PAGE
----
Slickdeals is community-supported. We may get paid by brands or deals, including promoted items.

7 Questions to Ask Yourself Before You Buy an Instant Pot

This kitchen gadget is all the rage, but do you really need one?

Advertiser Disclosure: At Slickdeals, we work hard to find the best deals. Some products in our articles are from partners who may provide us with compensation, but this doesn’t change our opinions.

If the Instant Pot isn’t the best culinary invention to come out of Canada, it’s near the top of the list. An Instant Pot is the Swiss Army knife of kitchen gadgets, designed to replace your slow cooker, rice cooker, pressure cooker, steamer, yogurt maker, sautee and browning pan and warming dish.

Built for cramped apartments, busy lifestyles and tight budgets, they can be the life-changer your kitchen needs — provided you ask yourself a few questions before you buy.

Browse Instant Pots

How Much can I Save?

The Natural Resource Defense Council (NDRC) has estimated that we throw out $165 billion of food every year, which works out to an average $515 a year per person. And our takeout habits are not helping.

According to the same study, 17% of each takeout meal goes uneaten. Since we spend about $3000 a year at restaurants, that’s another $500 out of your checking account.

Having a more efficient way to cook that suits your time needs and caters to our culinary skills, or lack thereof, can definitely make the modest price of an Instant Pot worth it. But it’s just one piece of a larger question.

Do I Have the Right Meal Plan?

instant-pot-surrounded-by-food
Credit: Instant Pot

Start with what you eat and how you eat it. For example, if you’re eating a lot of beans, you can make no-soak beans with ease in an Instant Pot. If your meal plan leans more towards bodybuilder-style meals of plain cod and raw vegetables, you probably should spend your money on gym gear.

Also consider what you like to eat, texture-wise. The cooking methods you can use here are “low and slow” style cooking, which is good for breaking down tough, fibrous veggies and stringy cuts of meat into rich, tender, saucy dishes. If you like crisp crunchy foods and entrees with a hard sear, you may not be happy with even the most flavorful Instant Pot dishes.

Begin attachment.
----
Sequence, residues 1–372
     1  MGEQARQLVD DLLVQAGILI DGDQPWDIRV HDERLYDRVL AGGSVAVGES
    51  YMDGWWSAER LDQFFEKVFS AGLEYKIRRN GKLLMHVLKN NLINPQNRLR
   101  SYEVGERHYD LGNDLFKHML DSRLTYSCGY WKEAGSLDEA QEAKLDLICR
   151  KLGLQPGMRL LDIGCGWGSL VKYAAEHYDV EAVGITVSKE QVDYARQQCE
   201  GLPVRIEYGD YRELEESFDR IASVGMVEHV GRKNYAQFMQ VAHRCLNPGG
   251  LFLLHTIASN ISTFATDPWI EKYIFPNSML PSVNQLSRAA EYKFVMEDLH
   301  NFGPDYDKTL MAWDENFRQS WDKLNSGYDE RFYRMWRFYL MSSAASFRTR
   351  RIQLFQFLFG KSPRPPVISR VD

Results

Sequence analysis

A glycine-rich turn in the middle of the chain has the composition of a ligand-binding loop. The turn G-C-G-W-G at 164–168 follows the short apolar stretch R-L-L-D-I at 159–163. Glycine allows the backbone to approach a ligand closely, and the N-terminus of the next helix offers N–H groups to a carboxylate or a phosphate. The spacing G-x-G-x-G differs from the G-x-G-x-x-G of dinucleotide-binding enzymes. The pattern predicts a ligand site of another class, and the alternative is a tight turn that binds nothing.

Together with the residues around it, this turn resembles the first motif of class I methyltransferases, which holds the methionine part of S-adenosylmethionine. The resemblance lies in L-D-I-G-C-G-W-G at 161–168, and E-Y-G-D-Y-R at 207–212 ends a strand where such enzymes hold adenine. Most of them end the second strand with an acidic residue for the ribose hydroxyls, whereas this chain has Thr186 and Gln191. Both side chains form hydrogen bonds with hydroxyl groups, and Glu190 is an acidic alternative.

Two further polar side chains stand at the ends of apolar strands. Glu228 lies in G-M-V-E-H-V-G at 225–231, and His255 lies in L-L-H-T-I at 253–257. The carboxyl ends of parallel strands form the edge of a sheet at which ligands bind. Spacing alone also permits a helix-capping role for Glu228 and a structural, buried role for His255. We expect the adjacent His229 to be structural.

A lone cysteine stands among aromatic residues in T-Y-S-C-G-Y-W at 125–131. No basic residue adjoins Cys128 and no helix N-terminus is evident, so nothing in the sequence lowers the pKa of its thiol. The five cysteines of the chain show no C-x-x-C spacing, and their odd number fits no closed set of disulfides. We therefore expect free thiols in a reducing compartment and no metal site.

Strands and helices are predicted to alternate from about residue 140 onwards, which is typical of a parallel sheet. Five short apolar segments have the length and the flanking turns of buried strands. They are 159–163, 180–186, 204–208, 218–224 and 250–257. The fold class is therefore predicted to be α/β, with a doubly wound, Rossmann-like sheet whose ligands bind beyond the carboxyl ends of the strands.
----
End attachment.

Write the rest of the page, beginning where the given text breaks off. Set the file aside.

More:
This doesn’t mean that if you’re regularly whipping up perfectly browned steaks and roasted asparagus that there’s no room for this handy little cooker. But, especially on a budget, you should look closely at what you like to eat, what you need to eat more of, and where this tool can help.

Which Instant Pot Model Do I Need?

There are a lot of Instant Pot models, so you’ll want to consider your needs before you buy. And size should be the first decision you make. They come in 3, 6, 8 and 10-quart varieties. Theoretically, you could cram the smallest 3-quart model with six pounds of food (there are two pints in a quart, and remember that a pint’s a pound the world around).

Most Americans eat an average of 5.46 pounds a day across all their meals. You can see how those numbers don’t entirely line up, even if you’re making dinner for multiple people. With that said, if you’ve got to turn out big batches of brisket for family gatherings or you’ll make use of the leftovers, go ahead and opt for a larger model. Single people and small families, on the other hand, may find the added size — and expense — of the bigger models unnecessary.

Your second consideration should be about what options are pre-programmed into the device. Newer models have added functions, like sous vide, along with more customizable programs. But think about the staples you regularly eat. Will you really use the advanced functions of newer Instant Pots or will you be sticking with the basics? Don’t pay more for functions that you’ll never touch.

Am I Willing to Change My Habits?